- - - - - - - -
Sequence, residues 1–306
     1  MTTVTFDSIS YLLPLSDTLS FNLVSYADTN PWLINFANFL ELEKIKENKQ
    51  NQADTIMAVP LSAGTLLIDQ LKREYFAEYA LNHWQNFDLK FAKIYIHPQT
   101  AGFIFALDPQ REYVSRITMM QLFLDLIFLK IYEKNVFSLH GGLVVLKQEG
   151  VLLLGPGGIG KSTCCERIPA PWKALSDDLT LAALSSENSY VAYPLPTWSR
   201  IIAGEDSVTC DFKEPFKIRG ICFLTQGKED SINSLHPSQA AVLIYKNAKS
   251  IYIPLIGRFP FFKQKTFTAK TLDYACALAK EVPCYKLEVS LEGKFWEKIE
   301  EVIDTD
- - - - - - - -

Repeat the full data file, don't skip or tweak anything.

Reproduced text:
Sequence, residues 1–306
     1  MTTVTFDSIS YLLPLSDTLS FNLVSYADTN PWLINFANFL ELEKIKENKQ
    51  NQADTIMAVP LSAGTLLIDQ LKREYFAEYA LNHWQNFDLK FAKIYIHPQT
   101  AGFIFALDPQ REYVSRITMM QLFLDLIFLK IYEKNVFSLH GGLVVLKQEG
   151  VLLLGPGGIG KSTCCERIPA PWKALSDDLT LAALSSENSY VAYPLPTWSR
   201  IIAGEDSVTC DFKEPFKIRG ICFLTQGKED SINSLHPSQA AVLIYKNAKS
   251  IYIPLIGRFP FFKQKTFTAK TLDYACALAK EVPCYKLEVS LEGKFWEKIE
   301  EVIDTD